With just over 500 chinook salmon now past Old Crow, Yukon, on the Porcupine River, this summer marked the first time the Indigenous government implemented a comprehensive gill net prohibition. The net ban extended from the end of June until the first of August.

Skeena River fishers in Terrace see daily sockeye salmon catch limits increase / Terrace Standard
Fisheries and Oceans Canada announces a significant rise in daily catch limits for sockeye salmon. Regulations now permit anglers to catch and keep up to four Sockeye salmon per day, a substantial change from the previous one per day limit.

Salmon fishing on Nechako River suspended until further notice / Vanderhoof Omineca Express
DFO prohibits fishing for all species of salmon due to conservation concerns.

To protect stressed salmon, a First Nation closes a popular fishing spot / Tyee
The Lake Babine Nation said it will close a popular recreational fishing site on the Babine River to ensure more salmon are able to return to their spawning grounds, a move meant to secure future stocks in an area that produces the vast majority of Skeena River sockeye. The Nation says it acted unilaterally after years of trying to bring the DFO to the table.

Local lodges and businesses call on DFO to close commercial steelhead fisheries in the Skeena to preserve populations / CFNR Network
Recent steelhead returns have been low, and despite being in a critical migration period, commercial net fisheries remain unrestricted.

It’s more important than ever for anglers to limit their catch, not catch their limit / Outdoor Canada
Over the years, my views on fishing have evolved, and I know I’m not alone. According to the most recent Survey of Recreational Fishing conducted by Fisheries and Oceans Canada, the average number of fish kept per angler in Canada dropped from 45 in 1990 to 20 in 2015. Even though the average number of fishing days stayed consistent over that time, the percentage of kept fish dropped from 56 per cent to 34 per cent. With more than three million anglers in Canada, however, that still represents a lot of retained fish nationwide.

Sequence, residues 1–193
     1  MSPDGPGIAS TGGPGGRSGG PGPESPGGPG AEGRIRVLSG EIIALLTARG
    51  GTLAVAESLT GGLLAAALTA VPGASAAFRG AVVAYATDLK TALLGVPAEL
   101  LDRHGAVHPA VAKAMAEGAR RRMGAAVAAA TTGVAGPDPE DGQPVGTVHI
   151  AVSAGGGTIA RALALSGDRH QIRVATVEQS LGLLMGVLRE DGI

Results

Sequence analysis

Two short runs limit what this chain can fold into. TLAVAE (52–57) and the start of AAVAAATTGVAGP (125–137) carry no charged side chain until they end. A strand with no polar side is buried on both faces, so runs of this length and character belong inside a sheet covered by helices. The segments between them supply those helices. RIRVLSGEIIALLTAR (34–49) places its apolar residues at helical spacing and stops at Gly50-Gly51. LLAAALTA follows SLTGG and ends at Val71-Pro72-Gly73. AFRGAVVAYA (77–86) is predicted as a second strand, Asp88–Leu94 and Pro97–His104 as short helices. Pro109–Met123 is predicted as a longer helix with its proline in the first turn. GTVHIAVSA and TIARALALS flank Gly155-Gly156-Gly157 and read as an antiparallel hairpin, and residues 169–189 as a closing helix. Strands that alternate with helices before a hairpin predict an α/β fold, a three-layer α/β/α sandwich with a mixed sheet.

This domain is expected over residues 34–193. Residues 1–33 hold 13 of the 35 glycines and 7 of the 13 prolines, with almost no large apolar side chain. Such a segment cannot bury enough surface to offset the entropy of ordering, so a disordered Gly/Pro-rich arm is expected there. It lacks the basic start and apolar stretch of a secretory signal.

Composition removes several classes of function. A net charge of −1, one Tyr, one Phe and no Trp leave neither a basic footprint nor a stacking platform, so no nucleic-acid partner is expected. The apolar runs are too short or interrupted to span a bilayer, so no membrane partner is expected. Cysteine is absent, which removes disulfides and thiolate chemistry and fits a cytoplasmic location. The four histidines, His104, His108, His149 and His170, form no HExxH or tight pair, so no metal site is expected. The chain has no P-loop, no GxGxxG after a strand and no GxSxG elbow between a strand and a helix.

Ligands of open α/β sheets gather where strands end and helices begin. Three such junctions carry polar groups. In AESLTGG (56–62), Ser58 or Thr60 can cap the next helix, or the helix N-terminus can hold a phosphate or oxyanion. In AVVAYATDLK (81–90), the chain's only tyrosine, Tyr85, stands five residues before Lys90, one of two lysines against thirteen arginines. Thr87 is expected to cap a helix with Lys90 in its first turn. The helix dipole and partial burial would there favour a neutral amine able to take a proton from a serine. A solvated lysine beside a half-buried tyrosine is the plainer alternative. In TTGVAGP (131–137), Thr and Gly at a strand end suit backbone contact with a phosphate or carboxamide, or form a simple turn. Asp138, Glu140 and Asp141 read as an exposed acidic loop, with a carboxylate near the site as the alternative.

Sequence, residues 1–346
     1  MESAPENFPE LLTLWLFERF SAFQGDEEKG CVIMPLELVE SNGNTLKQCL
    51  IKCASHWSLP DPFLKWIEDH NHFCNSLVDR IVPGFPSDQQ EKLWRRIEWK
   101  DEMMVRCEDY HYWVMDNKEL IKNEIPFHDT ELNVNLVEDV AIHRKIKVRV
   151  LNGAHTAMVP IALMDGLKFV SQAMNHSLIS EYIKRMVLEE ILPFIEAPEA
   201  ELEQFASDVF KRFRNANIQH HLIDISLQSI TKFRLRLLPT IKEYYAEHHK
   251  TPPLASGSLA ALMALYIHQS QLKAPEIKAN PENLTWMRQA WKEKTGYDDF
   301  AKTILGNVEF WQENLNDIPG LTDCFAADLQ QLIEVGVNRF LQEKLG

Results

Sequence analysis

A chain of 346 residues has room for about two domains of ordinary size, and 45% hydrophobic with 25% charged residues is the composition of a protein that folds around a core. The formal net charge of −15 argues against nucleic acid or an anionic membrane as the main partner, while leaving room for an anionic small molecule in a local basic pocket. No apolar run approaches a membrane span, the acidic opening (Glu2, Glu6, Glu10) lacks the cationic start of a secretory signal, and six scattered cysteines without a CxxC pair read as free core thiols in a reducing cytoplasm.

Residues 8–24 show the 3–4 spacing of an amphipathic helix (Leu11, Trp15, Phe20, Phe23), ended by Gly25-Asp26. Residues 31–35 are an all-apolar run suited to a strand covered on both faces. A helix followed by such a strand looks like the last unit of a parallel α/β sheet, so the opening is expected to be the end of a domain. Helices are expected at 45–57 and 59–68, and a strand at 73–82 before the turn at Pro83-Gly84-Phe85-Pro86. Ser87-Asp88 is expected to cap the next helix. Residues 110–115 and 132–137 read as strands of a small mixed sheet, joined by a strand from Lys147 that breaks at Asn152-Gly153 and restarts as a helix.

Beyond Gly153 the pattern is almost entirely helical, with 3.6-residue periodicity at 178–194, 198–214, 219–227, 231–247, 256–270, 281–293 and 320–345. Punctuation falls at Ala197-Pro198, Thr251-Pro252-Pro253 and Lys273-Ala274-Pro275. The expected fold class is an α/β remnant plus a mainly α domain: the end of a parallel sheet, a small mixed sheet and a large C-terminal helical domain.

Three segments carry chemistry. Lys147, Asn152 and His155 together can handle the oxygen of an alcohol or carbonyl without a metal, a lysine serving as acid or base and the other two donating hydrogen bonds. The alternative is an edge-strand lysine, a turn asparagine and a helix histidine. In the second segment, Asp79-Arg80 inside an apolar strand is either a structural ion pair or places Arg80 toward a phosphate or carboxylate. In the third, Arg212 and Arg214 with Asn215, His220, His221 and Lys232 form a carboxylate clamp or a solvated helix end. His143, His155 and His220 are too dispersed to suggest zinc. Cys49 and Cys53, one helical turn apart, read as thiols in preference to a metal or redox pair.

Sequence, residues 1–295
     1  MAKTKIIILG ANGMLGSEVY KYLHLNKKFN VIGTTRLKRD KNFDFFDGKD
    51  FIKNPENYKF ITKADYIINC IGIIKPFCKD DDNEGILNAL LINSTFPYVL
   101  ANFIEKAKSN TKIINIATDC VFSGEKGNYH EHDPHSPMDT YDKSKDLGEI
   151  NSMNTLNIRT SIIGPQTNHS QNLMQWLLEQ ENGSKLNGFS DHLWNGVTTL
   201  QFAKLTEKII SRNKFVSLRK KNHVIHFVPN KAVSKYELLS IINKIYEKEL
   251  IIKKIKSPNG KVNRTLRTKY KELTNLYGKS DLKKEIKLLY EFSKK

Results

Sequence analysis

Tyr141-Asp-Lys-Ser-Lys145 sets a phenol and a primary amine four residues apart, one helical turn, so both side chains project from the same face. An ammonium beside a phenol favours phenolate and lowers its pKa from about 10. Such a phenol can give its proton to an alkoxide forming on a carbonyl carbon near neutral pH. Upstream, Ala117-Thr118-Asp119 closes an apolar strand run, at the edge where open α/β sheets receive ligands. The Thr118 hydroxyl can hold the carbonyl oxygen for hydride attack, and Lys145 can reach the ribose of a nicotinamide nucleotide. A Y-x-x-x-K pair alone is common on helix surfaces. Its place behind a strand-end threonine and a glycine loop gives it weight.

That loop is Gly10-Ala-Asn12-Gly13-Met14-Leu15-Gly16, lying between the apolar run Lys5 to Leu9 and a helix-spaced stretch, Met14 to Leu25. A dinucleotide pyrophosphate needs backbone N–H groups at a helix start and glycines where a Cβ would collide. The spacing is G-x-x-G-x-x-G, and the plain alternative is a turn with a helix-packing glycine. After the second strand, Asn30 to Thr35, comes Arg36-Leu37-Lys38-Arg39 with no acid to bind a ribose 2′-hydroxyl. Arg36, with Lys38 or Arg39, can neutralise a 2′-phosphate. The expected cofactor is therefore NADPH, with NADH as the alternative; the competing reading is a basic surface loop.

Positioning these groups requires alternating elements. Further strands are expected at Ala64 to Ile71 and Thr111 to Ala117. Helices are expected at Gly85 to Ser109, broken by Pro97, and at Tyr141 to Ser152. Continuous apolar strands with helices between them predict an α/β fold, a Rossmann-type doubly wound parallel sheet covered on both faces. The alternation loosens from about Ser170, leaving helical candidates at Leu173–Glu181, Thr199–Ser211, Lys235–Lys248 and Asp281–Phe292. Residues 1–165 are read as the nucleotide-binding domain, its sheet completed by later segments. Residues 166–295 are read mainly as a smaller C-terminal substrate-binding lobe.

Canada Leads First High Seas Mission to Fight Illegal Fishing in the North Pacific / GOC
The Government of Canada is a world leader in the fight against Illegal, Unregulated and Unreported (IUU) fishing. This illegal activity is a major contributor to declining fish stocks and marine ecosystem destruction around the globe, and it undermines the livelihoods of legitimate fish harvesters everywhere, including here in Canada. IUU fishing poses a significant risk to salmon populations in the North Pacific Ocean and is considered to be a potential driver of Pacific salmon declines. Officers will conduct patrols, under international law, to enforce the United Nations Ban on High Seas Driftnets and to ensure compliance with regulations that protect against IUU. Canadian Fishery officers have taken part in the annual Operation North Pacific Guard on United States Coast Guard vessels since 2019, an annual international law enforcement operation on the high seas of the North Pacific. Canada works with several partner countries and non-government organizations to address illegal fishing issues at a global level and to support lawful, sustainable fisheries.

Is that fish pic legal? Ontario revisits its live-release regs / Outdoor Canada
When you can’t eyeball a walleye’s slot size from the net, you have no choice but to keep temporary possession to quickly take a measurement. The same goes for quickly taking a photo before releasing a fish. As brief as those delays may be, however, they are technically offside according to Ontario’s fishing regulations. If there were any fears about those delays being photo-bombed by an approaching conservation officer, however, Ontario’s Ministry of Natural Resources and Forestry has—to its full credit—come up with sensible new wording that will hopefully spawn an official new fishing regulation as of January 1, 2025. During a survey period now closed, the MNRF went fishing earlier this year for anglers’ thoughts on a potential regulation change that would “allow anglers to delay the release of a fish caught during the open season for that species only long enough to photograph, measure and weigh, if the fish is of a restricted size or over daily catch and possession limits.”

On the Yukon, Alaska and Canada are bound together by salmon – and their collapse / Alaska Public Media
A 20-year-old treaty keeps Alaska and Canada working together, even through the devastating king and chum salmon collapse.

Ontario Protecting Walleye Population / Ontario Newsroom
To help safeguard Ontario’s walleye population from overfishing, be sure to report a natural resource problem or provide information about an unsolved case. Members of the public can call the ministry TIPS line toll free at 1-877-847-7667. You can also call Crime Stoppers anonymously at 1-800-222-TIPS.


River Notes August 10 / ASF